Ways to Handle Gears

I had a quick questions about how a robot can handle a gear. So according to the rule manual, a robot is not allowed to launch or shoot a gear. How would one define that a robot is shooting a gear? Would it be that it is in the air or would shooting still count if the gear is sliding across the floor (maintaining full contact with the carpet)? Also, would rolling a gear be considers shooting/launching? This may be a strange questions but just wanted to know what someone outside of our team thinks about this rule. Thank you for all the input!

Definition of Launching (from Section 11, but also found in Section 7 in one of the blue boxes–G23’s if I remember right):
shooting in the air, kicking or rolling across the floor with an active mechanism, or throwing in a forceful way”

Funny how all the actions you list are in the definition, and thus a violation of G24 (and thus a yellow card if seen by a ref).

What if the roll was a passive system? Like if the gear were to go from the feeder station to roll across the field with no motors? This is all hypothetical.

Gears come in flat(ish) from the loading stations. I could see a couple of possibilities to get the gears into rolling position, and rolling, passively, but most maneuvers to do that are probably going to be active.

I’m not saying that a passive system isn’t an interesting (and quite possibly legal) way to handle the problem. Just be ready to handle some extra attention from the refs the first time or two you use it–and make that in practice rounds if at all possible, as you’ll want to discuss it with the head ref early.

Okay, from reading the rules, I figured that we couldn’t launch or really shoot the gear in any way. But I was just wondering if you were to rotate the gear 90 degrees to allow it to roll from the human player station without motors, if that could be legal. Thanks for the quick reply!

As I understand this, you are thinking of building some sort of ramp that takes the gear from the loading station, passively rolls it to vertical and disgorges the gear at carpet level.

As the loading station is about two feet off the floor, and the gear is nearly a foot in diameter, you have 18-20" worth of gravitational potential energy. Even if you could do this with no friction at all and the speed at the carpet level is about 5 ft/s (actually a good bit less because energy will go into rotational energy with those gears having most of their mass near the edge). A gear rolling that slowly through a sea of balls and marauding robots? I can’t picture that getting far enough to be worthwhile; better to snag the gear at the station and carry it.

The ramp idea is clever, but still illegal. The refs must consider your robot as black box. If a gear comes rolling out of your robot, it doesn’t matter if it was passive or active. It was still caused by the robot and violates g24

Okay, that would makes sense even if it was possible because the gear would be rolling way to slowly. It was all hypothetical. I knew it isn’t possible without some sort of motor to help aid which therefore makes it illegal.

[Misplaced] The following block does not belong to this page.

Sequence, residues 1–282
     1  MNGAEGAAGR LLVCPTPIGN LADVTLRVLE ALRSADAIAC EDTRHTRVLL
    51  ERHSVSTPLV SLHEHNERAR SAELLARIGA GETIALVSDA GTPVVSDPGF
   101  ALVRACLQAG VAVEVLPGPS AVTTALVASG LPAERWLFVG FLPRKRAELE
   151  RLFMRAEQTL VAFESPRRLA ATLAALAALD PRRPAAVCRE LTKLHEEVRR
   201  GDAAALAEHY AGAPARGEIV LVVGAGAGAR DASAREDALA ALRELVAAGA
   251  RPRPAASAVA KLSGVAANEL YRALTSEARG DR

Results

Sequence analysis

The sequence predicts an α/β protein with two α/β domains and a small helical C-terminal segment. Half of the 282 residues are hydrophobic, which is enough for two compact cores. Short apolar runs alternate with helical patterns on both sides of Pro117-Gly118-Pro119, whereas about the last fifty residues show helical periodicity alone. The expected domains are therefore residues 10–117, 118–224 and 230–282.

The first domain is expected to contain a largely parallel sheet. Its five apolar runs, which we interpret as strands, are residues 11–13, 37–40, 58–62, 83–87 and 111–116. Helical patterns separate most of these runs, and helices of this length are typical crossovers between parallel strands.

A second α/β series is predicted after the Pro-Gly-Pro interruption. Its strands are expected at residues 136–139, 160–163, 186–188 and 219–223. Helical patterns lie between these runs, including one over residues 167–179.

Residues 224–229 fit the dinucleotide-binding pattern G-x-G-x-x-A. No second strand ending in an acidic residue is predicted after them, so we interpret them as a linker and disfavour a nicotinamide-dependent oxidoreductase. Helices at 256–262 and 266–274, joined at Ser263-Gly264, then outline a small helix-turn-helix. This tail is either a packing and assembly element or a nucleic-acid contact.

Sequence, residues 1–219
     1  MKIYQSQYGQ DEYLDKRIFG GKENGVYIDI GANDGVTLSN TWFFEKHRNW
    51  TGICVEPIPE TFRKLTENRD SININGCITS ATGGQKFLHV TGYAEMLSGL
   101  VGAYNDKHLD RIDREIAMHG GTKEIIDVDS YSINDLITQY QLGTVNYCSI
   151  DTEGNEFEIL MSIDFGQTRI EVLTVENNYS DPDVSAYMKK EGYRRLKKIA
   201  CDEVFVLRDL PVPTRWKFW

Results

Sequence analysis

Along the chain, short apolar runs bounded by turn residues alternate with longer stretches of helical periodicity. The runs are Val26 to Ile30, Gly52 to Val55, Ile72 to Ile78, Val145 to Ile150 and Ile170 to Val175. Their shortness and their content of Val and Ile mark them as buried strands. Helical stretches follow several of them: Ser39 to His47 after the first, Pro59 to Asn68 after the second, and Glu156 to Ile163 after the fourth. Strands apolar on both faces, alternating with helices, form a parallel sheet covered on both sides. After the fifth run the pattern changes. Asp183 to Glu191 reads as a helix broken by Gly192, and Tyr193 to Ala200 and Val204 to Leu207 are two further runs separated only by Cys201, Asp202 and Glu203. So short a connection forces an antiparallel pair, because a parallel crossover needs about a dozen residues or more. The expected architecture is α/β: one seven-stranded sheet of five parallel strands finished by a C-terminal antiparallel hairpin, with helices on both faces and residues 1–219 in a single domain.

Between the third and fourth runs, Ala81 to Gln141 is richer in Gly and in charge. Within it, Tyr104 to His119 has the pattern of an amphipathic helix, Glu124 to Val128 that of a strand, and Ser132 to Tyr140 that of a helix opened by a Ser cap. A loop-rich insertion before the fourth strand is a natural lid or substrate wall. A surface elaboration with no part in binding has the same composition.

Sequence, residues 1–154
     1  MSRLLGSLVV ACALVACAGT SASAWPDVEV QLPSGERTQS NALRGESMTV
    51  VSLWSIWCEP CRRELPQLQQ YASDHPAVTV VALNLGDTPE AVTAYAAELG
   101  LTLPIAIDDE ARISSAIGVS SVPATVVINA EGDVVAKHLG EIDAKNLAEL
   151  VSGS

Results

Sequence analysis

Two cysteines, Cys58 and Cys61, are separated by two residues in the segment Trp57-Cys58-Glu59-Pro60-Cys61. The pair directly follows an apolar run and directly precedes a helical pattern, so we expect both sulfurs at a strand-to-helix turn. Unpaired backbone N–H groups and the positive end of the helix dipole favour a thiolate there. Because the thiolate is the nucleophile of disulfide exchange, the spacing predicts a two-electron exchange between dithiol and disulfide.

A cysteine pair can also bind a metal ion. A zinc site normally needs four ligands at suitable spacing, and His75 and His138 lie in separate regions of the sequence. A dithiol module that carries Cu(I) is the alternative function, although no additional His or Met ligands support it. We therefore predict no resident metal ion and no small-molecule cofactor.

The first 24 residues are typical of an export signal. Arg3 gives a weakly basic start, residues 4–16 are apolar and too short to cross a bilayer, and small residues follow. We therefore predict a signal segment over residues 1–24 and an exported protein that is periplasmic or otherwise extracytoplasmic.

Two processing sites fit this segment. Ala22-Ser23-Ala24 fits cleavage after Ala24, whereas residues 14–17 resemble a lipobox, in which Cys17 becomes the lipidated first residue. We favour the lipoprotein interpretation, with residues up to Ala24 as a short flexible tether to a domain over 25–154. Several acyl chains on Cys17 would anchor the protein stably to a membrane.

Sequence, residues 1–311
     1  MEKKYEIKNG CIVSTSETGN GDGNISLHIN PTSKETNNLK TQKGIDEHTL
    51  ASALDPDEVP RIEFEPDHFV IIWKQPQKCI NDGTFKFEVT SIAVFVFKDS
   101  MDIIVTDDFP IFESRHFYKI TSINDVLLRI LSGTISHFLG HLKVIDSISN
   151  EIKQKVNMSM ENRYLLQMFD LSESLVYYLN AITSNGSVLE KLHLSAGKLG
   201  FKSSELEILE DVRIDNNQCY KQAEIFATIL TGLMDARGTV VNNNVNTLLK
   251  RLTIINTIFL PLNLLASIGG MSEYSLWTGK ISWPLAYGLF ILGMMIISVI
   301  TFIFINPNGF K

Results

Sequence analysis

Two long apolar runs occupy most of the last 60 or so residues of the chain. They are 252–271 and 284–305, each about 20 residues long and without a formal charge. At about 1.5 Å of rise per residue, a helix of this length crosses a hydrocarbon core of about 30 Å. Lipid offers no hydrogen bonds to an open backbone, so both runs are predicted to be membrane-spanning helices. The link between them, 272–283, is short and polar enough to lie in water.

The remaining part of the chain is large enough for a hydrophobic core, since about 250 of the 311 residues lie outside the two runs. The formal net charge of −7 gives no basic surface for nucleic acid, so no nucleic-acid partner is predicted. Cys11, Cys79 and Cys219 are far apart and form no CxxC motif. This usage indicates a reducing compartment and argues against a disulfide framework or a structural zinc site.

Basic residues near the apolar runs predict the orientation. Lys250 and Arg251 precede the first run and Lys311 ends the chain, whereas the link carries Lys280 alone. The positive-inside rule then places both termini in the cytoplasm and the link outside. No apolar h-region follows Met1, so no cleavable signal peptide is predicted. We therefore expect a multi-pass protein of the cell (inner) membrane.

That was one of our two design ideas to get all the gears in on trip to our end, went far (in my mind) until a student reminded me of G24 so we went with less out of the box Plan A…the gear rolling was a potential chokehold strategy…serves several great purposes including junking up their gear retrieval area with 18 gears, Darn.

Springs could do it, but its not feasibly IMO legal/effective anyhow. Was interesting to think about. Who knows maybe some team will try it. I think it still might somehow be legal using a passive mechanism but my team nixed it.

I don’t think this is true. First, the definition of LAUNCH specifically mentions an active mechanism. If the intent was active or passive, they would have said that.

Second, by your reasoning, if a gear is stuck on top of my bot and I stop quickly so that it falls off, I’ve just LAUNCHed a gear and get a yellow card. Penalizing someone for shaking off a gear that would otherwise get them penalized seems excessive.

Not saying it ends up being worth it, but in terms of physics, you’re not starting from zero at the outlet of the loading station. The gear can be and is already moving; in fact, there’s no legal limit on the human-input kinetic energy of the gear. (There are of course physical limits by geometry, human capability, and safety standards). It might even be possible to forehand or backhand the gear through the slot like a frisbee. Then you could pull a 469@2010, using an active mechanism that redirects the passive mechanism in between passive uses to send it left or right around the defender.

Practicality aside, this is pretty cool.

Separately, the “active mechanism” clause is grammatically parsed (with the first “or”) to apply to “shooting in the air” and “kicking” as well. Conceivably one could employ some kind of gear trampoline that passively bounces the gear instead of actively shooting it.

I tend to agree with this interpretation of how a foul would be called, given the mention of an active mechanism. Reference 33 & 469 from 2010 - their mechanisms were passive, even if they were actuated to re-direct the ball before the ball made contact. Both were called on fouls a couple of times when they accidentally actuated the re-directing mechanism while in contact with the ball. Yet if the ball made contact and the robot didn’t move - it was not a foul.